Property Tax Relief after the Storm

March 6, 2015
Courtesy Greenwich Time – aftermath of Super Storm Sandy on Greenwich Point, October 2012.

Courtesy Greenwich Time – aftermath of Super Storm Sandy on Greenwich Point, October 2012.

Super Storm Sandy code related improvements caused property taxes to skyrocket

Hartford, CT – State Senator Scott Frantz (R-Greenwich) testified before the Planning and Development Committee of the General Assembly this week in Hartford on a bill (SB187) to phase in property tax increases after a natural disaster. State Rep. Mike Bocchino (R-Greenwich) and Sen. Frantz co-sponsored a similar bill (SB456) which includes a 5 year time frame.

“The citizens of this state pay a lot of money to live here. It has become increasingly difficult to keep a home in Connecticut because of the burden of paying property taxes that can be hard to predict and are constantly on the rise,” said Sen. Frantz. “In some cases the amount of property tax is very volatile because of the re-evaluation process or, more recently, natural disasters.”

State Rep. Mike Bocchino said, “Many residents who live along the shoreline watched as their homes flooded and in some instances, burned to the ground due to the impact of the storm. Through no fault of their own their lives were changed as they watched everything they owned went up in smoke. We all need to understand the potential tax inequity created by losing one’s home in a natural disaster and work hard to bring some sort of relief to these families.”

In Senate Bill 187, An Act Concerning Property Tax Relief there is a section suggesting a phase in “on property tax increases associated with residential reconstruction after a natural disaster related only to code related improvements.”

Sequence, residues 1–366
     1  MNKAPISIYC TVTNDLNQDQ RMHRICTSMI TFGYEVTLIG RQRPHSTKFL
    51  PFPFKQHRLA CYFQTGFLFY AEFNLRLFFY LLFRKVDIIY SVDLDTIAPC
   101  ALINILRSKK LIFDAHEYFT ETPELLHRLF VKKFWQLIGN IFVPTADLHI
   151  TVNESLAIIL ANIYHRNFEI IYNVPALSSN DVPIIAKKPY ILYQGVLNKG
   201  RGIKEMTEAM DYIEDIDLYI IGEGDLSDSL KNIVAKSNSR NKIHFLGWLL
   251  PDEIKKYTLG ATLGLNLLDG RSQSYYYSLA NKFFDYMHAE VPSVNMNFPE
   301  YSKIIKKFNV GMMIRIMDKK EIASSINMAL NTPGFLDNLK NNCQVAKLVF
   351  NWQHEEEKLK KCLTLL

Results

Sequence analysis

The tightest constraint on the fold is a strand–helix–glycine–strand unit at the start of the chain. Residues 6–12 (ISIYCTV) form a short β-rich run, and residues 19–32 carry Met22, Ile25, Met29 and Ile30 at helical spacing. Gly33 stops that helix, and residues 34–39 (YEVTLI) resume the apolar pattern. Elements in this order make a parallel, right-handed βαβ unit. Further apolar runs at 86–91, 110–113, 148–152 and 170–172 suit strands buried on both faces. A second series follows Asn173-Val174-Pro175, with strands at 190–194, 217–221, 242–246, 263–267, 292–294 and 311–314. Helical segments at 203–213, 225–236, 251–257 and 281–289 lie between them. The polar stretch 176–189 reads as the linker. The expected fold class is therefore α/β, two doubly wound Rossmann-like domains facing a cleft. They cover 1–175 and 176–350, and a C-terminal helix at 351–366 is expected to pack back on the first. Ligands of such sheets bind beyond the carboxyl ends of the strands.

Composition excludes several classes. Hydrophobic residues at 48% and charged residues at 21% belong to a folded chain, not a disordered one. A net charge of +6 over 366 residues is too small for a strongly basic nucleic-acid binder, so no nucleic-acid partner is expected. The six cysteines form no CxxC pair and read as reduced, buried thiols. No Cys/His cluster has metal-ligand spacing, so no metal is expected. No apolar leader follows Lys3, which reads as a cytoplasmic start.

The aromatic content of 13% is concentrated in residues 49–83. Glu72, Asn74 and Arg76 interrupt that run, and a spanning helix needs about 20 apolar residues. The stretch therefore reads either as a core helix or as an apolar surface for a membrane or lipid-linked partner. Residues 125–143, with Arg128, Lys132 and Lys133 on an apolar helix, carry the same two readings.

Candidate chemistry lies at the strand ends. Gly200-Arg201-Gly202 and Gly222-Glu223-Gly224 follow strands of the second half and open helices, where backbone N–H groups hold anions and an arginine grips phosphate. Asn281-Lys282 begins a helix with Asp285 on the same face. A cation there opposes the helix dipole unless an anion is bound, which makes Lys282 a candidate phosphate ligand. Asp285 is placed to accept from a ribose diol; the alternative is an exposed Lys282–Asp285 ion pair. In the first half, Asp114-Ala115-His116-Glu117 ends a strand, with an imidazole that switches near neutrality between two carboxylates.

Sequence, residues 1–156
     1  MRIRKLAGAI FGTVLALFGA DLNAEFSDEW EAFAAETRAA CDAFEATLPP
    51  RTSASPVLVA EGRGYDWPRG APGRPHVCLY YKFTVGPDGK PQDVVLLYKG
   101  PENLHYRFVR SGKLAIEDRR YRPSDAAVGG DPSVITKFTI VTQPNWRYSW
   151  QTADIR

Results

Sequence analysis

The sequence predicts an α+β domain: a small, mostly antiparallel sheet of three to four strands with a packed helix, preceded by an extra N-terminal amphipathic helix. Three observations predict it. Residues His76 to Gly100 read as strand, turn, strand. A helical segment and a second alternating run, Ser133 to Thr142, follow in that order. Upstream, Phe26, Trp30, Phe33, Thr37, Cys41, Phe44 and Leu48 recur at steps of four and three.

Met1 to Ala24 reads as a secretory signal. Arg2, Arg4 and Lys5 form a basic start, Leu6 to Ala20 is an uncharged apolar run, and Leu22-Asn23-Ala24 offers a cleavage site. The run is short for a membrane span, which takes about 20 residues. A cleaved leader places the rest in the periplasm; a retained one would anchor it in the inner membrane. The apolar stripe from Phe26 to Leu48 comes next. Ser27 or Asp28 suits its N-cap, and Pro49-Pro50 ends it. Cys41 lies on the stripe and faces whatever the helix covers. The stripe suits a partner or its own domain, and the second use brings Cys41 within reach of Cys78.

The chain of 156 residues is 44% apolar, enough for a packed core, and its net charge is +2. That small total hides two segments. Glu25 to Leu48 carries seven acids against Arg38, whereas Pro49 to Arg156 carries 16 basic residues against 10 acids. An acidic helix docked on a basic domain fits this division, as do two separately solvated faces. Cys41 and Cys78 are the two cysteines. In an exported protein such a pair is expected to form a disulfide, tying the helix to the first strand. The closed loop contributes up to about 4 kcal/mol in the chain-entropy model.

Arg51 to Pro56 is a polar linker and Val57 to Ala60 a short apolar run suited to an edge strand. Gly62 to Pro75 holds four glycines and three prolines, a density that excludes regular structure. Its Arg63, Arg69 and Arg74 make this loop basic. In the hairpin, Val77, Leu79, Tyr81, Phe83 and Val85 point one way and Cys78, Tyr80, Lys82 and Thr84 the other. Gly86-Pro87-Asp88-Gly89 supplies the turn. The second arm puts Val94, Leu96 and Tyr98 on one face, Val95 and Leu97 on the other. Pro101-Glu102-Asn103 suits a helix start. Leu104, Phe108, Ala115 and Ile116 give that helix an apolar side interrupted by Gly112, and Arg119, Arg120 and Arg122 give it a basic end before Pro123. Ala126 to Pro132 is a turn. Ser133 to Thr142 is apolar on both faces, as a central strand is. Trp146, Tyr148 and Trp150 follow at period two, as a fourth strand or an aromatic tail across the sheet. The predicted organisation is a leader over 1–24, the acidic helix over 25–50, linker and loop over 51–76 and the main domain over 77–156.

Frantz and Bocchino had several constituents experience major losses as a result of super storm sandy in October of 2012. They believe it would be prudent to add a time frame to the bill before the committee.

“It is only fair that the increase in the assessed value of the improvements required by new building codes, such as having to raise a house’s elevation, be phased in over several years,” added Frantz. “Our recommendation would be to do it over five years.”

A number of families, including the Mullens found out that when having to rebuild after fires caused by the storm – the cost of replacing a home largely because of new building code provisions would significantly exceed the previous assessed value – thus, making their property tax bill skyrocket.

Frantz told the committee, “As you can imagine the turmoil of losing your possessions and your shelter only to realize your otherwise tax-free insurance benefit triggers a permanent increase in the local tax burden is onerous to say the least. I support the concept of a phase in to give homeowners some relief under narrowly defined special circumstances and to make sure we are maximizing the chances of them staying in the community.”

The town assessor in Greenwich agrees with the building code improvement provision. The state of New York afforded its residents with this phase in of property tax relief after a new assessment as a result of a natural disaster.